Obama's legacy on campaign finance can be more than just rhetoric

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"Legacy" is a term bandied about frequently in Washington, but never more often than as we approach the final year of the Obama administration. No president ever accomplishes everything he wants to, but the question of "did he try?" gains increasing potency as the end nears.

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The president has seemed freer and more comfortable using both the bully pulpit and the executive action pen since the 2014 midterm elections, and so on issues where he has spoken but not yet acted, the time has come to make progress. Specifically, the time has come to deal with the issue of money in politics.

Throughout his campaign, President Obama said he would work to change Washington, and in particular, focus on the broken campaign finance system. Then, throughout his presidency, he repeated this mantra. It was a refrain that became increasingly important as his administration watched the U.S. Supreme Court hand down the disastrous Citizens United v. Federal Election Commission (FEC) and McCutcheon v. FEC decisions, which upended longstanding campaign finance laws and gave corporations and the super-wealthy even more ability to influence elections.

As the situation has worsened, his rhetoric on the topic has never faltered. For example, in this year's State of the Union address, he said, "a better politics is one where we spend less time drowning in dark money for ads that pull us into the gutter." Following that, at the White House Correspondents' Dinner, he mentioned the "non-stop focus on billionaire donors." And later in the year, on the fifth anniversary of the overreaching Citizens United decision, he again spoke out, saying: "With each new campaign season, this dark money floods our airwaves with more and more political ads that pull our politics into the gutter. It's time to reverse this trend."

The rhetoric is clear and unwavering. But when we turn to ponder the question of legacy, what can we point to that the administration has done to curb money in politics? The answer is: nothing yet. The "yet" is the pivotal part of that sentence, as the president has within his grasp the ability to do something meaningful on this issue. And he can do it without Congress.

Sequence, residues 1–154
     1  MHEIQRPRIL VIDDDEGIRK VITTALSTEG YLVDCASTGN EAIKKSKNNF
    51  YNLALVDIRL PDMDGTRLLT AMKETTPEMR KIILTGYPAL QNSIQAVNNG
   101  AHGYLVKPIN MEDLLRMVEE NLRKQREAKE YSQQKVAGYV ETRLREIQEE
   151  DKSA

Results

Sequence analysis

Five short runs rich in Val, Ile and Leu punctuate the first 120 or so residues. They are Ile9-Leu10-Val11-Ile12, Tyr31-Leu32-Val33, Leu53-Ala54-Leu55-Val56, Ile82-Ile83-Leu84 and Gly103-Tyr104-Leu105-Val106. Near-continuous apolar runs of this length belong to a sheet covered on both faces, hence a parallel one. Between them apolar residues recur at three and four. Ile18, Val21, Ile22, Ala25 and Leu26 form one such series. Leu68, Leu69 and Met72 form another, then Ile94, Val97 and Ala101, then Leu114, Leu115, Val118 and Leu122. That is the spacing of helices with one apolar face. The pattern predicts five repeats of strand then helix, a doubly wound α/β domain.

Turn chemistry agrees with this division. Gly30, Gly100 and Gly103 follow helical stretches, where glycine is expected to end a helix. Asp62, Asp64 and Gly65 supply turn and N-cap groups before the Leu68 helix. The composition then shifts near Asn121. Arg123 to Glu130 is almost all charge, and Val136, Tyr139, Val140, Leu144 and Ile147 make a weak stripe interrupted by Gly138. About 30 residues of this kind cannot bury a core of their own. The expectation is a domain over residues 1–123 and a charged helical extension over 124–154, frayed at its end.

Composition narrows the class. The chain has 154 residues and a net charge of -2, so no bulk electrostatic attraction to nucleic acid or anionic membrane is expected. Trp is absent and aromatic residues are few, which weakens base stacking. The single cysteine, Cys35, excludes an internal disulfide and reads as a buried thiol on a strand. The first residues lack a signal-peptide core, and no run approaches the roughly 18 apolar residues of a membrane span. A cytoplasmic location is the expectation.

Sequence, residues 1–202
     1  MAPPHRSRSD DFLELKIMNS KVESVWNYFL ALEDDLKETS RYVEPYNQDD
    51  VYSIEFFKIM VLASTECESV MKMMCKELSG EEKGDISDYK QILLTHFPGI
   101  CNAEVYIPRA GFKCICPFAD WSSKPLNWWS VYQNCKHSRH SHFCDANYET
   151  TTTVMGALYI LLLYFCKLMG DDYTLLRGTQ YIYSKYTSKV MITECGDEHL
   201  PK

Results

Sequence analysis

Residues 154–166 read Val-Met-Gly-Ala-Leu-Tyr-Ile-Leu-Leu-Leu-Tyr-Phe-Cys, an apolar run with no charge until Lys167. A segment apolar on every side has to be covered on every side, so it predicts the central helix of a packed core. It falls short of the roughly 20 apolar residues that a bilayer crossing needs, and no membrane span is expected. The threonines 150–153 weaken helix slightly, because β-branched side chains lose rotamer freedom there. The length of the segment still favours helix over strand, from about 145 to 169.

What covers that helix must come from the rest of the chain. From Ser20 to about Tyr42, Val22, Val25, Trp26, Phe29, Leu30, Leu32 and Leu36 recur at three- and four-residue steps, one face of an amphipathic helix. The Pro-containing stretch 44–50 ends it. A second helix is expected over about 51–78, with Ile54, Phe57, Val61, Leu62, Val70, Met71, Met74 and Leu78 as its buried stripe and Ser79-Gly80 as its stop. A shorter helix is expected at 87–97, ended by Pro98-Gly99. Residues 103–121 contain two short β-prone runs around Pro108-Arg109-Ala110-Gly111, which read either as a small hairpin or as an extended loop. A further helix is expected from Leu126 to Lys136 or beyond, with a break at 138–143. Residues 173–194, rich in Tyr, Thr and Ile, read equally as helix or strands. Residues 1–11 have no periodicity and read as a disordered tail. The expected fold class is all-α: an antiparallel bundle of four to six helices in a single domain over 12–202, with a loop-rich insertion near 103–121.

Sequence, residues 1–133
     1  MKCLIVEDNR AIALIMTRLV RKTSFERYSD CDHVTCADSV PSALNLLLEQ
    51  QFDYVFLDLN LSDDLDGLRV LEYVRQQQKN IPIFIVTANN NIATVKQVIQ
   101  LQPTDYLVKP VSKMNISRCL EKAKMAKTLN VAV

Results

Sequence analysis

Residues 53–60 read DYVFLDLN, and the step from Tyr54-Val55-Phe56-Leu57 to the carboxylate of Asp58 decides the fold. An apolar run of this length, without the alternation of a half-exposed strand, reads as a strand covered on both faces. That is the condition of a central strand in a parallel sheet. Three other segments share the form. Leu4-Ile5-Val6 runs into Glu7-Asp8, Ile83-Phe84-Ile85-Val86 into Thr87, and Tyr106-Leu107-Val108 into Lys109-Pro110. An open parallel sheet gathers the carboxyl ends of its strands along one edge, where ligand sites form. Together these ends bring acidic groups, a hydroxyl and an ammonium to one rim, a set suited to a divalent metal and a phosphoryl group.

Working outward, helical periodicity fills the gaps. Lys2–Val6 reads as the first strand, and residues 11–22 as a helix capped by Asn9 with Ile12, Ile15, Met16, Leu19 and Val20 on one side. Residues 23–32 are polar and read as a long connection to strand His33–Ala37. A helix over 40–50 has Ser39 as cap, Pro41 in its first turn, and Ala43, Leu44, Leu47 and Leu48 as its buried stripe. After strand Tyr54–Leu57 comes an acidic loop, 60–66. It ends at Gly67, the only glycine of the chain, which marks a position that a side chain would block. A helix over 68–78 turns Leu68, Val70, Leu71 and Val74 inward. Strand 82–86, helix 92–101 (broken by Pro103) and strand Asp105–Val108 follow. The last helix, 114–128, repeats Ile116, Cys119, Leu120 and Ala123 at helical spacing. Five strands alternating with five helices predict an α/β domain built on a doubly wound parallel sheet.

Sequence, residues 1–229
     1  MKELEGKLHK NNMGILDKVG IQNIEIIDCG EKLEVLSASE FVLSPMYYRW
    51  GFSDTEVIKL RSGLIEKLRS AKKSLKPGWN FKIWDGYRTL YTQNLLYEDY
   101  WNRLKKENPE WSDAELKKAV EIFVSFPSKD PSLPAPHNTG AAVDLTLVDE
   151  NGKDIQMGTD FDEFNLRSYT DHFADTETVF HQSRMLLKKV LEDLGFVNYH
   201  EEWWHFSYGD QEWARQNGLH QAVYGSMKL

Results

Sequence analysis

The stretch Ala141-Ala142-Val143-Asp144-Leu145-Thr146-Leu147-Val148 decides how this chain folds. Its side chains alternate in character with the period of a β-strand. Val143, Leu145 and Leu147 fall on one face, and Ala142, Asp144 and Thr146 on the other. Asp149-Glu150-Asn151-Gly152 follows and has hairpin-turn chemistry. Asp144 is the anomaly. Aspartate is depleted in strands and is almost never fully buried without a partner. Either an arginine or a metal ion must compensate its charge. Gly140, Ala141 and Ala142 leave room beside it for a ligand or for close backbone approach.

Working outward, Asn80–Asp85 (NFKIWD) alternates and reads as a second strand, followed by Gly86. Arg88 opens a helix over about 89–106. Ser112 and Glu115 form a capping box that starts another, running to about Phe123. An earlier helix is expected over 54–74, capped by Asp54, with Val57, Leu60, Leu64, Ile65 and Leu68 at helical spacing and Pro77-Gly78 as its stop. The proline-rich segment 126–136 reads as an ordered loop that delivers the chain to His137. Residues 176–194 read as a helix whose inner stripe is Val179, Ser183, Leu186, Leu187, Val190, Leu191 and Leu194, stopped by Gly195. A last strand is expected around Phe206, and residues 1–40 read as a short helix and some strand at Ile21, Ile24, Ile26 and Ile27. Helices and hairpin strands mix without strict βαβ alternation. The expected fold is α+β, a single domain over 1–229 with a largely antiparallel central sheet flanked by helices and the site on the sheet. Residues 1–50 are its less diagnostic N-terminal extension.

Obama's next executive order should require government contractors to disclose their political donations.

This is not a small reform. This landmark policy would enhance transparency in the political process and deal with the appearance of corruption in the contractor system.

When the president issues this executive order, it immediately would reach 70 percent of Fortune 100 companies. Public Citizen reviewed the government contracts held by the 100 largest companies in the United States, as ranked by Fortune magazine for 2014, and found that 70 of the Fortune 100 companies had federal contracts totaling $100,000 or more this year.

This covers companies in a variety of industries, from defense to technology, energy to finance, entertainment to chemicals. Under our current system, Americans have no idea if these major federal contractors are spending money in our political process. Secret contractor spending implies a pay-to-play culture in which the public cannot discern whether awards are going to those best able to play the political money game, or to those offering the most efficient and high-quality product or service. This reform will offer the taxpaying public a window into this spending.

In addition, this reform is a straightforward solution to a key piece of the money-in-politics problem the president has spoken out on. With an election season featuring upward of 20 candidates spending huge sums of cash as they vie for the White House, it's time to ensure that the American public has the transparency we deserve on that spending.

The impact of an executive order would be significant and a legacy beyond rhetoric must be established. We look forward to the president's action.

Gilbert is director of Public Citizen's Congress Watch division and manager of the Bright Lines Project.